Am I able to do a step test smilier to MLSS testing in order to find out my true AeT? Aka warm up, 10 mins at 190, 10 mins at 200, 10 mins at 210 etc etc and see at what point/Hr I am no longer able to stay under/at 2mmol?

This was the first batch of testing I have done so it’s all a learning curve.

I guess that it comes down to what I want to achieve from training. If I want to reduce VlaMax in order to shift my AnT to the right, then training at the 300W ftp will be counter productive. Just because I can do the workouts at that level, doesn’t mean I will achieve all the training benefits if in comparison I dropped it to the 280w suggested by 4mmol/AnT.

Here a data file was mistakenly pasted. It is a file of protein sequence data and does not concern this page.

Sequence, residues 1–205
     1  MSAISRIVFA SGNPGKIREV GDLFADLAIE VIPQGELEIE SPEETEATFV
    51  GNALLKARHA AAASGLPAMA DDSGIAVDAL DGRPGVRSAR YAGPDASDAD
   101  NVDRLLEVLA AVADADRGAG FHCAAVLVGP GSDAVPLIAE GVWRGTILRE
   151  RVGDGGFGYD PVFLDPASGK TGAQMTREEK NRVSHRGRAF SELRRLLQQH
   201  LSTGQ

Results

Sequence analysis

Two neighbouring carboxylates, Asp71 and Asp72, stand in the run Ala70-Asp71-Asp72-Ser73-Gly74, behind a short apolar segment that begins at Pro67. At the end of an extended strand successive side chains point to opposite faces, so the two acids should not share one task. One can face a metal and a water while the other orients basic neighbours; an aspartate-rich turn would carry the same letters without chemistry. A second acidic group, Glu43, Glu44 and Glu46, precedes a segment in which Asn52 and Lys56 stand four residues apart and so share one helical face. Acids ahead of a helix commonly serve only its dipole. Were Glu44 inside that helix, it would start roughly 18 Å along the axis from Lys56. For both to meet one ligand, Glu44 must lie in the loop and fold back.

As for the heart rates, I assume that once I find true wattage values for 2/4mmol, I can then do say a 10-20 minute effort at those wattages, and average the stabilised portion of HR in order to correspond Hr to lactate turn points?


I would be comfortable putting your FTP at 294, based on your 280 watts at 4mmol. My personal experience with mFTP is, that its usually much lower. FYI I use WKO5 on top if TrainingPeaks for my athletes and use that mFTP as a reference.

Might be hard to see/decode, but these are the graphs I was provided with when I took the test over a year ago.

I personally think you aleady have it at the deflection point of 135 heart rate and 1.7 lactate and 185w. I am not a believe in 2 and 4, I use the deflection points.

Then use those deflection points as ceilings.

In a recent other post, I gave a few examples of fatmax relative to LT1.